Righteous Anger

“Indignation grips me because of the wicked, who have forsaken Your law.” -Psalm 119:53

Sinful nature has not changed. There are creatures who rebel against their Creator, reaping the consequences of sin which will last longer than our earthly dot of existence. The psalmist is zealous for God, and as he sees the apathy, the hatred toward his God he is appalled and angry. The wicked forsake God’s way because it is their nature bound in sin. We are all born sinners, not able to do good or even seek God on our own unless He seeks us first. “It is by grace you have been saved through faith- and this not from yourselves, it is the gift of God- not by works, so that no one can boast” (Ephesians 2:8-9). God’s rich mercy saves the hell-bound sinner when that soul comes to faith in Christ alone.

The law serves its purpose as a mirror to reflect the inner man, revealing to us our need of a Greater Adam than the one in Eden. Those who openly reject and mock God stir in our hearts grief, pity and righteous anger. The Christian hates what God hates and loves what He loves. What does God hate? Our sin. What does He love? People created in His own image. Although the sinful lives of the children of Satan should cause within us righteous anger for God’s honor, remember how the Lord has been long-suffering with you. We were once far from God yet He set His love on us unworthy though we are. God mercifully opened our spiritual sight so that we might truly see for the first time and live as new creations. We do not overlook or make excuses for sin, but rather approach it as God does rather than react from the flesh. He is slow to anger, abounding in steadfast love. Let this be our example too. 

Grace upon grace,


Grow deeper: Psalm 14; Psalm 103:8-19; 2 Peter 3:9

Holiness made Flesh

“I remember Your ancient laws, O Lord, and I find comfort in them.” -Psalm 119:52

The psalmist remembers the ancient laws of the Torah. The first five books of Scripture were written by Moses, and considered very precious to the Israelites like the psalmist. He sees God’s hand of faithfulness at work in Israel’s redemptive history. The psalmist gazes intently on God’s laws drawing comfort from them. 

In reading through the Old Testament laws the common theme of the Lord’s holiness and justice emerges. Our God is Holy. Holy. Holy. He demands holiness from us. How is this comforting for people who daily fail God’s standard? Because He made a way for us to come to Him. God is perfectly just and will pour out wrath on all His enemies. But God who is rich in mercy will dwell with His redeemed saints. This is why God the Father sent His Son to be a propitiation for our sins, interceding for us as a High Priest (Hebrews 10:1-23). It is not that we could ever approach Him on our own merit, in our own strength. He had to become approachable for us to ever come to Christ. Remembering God’s laws are good as we see His holiness proclaimed.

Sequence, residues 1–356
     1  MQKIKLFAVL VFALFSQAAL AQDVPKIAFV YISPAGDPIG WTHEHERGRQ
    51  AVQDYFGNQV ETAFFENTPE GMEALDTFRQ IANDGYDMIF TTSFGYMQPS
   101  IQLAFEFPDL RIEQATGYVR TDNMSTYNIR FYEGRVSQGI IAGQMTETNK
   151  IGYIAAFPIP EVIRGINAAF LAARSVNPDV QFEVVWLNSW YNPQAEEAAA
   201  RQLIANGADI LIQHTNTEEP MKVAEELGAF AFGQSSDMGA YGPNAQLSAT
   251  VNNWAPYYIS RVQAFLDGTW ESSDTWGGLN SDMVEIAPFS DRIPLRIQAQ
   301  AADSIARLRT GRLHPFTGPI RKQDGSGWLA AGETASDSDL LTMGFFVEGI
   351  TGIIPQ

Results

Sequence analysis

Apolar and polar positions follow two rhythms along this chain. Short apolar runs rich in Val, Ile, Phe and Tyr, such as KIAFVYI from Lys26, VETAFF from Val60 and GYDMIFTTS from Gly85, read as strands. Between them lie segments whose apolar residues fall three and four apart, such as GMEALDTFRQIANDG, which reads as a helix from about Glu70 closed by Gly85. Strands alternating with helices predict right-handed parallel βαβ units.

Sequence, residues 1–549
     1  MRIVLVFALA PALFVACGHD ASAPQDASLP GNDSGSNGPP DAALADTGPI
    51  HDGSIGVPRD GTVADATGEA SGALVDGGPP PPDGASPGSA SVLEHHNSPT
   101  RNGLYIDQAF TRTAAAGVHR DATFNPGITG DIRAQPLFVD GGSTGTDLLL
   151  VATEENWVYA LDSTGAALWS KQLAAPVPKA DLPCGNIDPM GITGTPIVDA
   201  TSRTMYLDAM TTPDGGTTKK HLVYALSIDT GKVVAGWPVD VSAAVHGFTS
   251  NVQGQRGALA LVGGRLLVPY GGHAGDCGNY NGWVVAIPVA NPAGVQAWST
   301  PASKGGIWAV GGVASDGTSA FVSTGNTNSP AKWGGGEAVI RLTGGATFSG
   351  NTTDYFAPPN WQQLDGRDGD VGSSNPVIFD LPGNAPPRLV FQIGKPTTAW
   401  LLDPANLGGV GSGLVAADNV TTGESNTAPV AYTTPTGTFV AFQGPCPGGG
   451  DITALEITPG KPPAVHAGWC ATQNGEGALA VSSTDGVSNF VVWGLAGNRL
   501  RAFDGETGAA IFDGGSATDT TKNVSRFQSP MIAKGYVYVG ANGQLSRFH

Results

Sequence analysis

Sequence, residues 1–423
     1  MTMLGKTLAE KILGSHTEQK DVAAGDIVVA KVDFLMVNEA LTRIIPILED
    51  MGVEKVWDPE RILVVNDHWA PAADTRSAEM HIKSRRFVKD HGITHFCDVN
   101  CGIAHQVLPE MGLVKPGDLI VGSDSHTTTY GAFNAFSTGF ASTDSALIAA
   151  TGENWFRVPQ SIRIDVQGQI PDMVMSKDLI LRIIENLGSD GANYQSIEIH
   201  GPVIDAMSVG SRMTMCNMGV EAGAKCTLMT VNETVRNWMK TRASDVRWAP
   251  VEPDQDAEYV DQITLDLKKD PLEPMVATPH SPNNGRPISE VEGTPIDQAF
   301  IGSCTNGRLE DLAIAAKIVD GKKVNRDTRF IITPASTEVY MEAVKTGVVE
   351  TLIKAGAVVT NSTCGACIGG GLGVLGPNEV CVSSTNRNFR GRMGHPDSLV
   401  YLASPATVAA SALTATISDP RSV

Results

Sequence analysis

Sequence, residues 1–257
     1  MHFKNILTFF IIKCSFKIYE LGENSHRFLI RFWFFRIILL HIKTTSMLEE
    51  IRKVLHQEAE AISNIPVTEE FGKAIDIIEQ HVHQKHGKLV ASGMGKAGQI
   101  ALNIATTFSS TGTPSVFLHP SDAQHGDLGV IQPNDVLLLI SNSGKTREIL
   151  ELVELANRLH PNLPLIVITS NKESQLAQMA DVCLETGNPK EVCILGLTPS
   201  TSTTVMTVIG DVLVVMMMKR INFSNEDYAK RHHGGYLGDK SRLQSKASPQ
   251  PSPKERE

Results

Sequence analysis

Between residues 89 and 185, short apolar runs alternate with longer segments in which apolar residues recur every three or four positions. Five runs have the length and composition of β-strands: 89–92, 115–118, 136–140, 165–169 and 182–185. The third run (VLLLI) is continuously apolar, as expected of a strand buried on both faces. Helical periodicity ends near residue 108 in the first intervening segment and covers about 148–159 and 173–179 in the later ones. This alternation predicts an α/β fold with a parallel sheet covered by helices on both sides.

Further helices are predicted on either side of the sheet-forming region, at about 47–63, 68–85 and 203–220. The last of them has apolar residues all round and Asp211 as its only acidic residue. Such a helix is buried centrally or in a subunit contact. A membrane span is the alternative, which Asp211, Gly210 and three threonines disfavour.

Our comfort is this- Jesus died for sinners so that we might share in His holiness, imperfectly now, yet one day free from the effects of sin, enjoying perfect holy fellowship with the One who loves us best. 

Grace upon grace,


Grow deeper: John 1:14; 2 Corinthians 3:7-18; 1 John 3:1-3; 1 Corinthians 13:12

God’s Mercy

“Then I would not be put to shame when I consider all Your commands.” -Psalm 119:6

One of the benefits of God’s Law is to reveal to us our inability to keep it perfectly. It is here we see our need for a Savior rather than give up and despair. When a heart considers the holiness of God’s standard, we realize we can never measure up as sin seeks to master us. The soul who sees this feels shame. Yet it serves as an act of mercy from God, to not let us stay covered in guilt but run to the Lamb of God who takes away the sins of every repentant heart! Parables, prophecies and warnings all serve as mercies for the soul that comes alive, acknowledging the damnation of autonomy, self-righteousness and pride. It is God’s mercy to show us through His commands “all have sinned and fall short of the glory of God” (Romans 3:23) so that we might not perish in our sins, but come to Him for everlasting life.

Grace upon grace,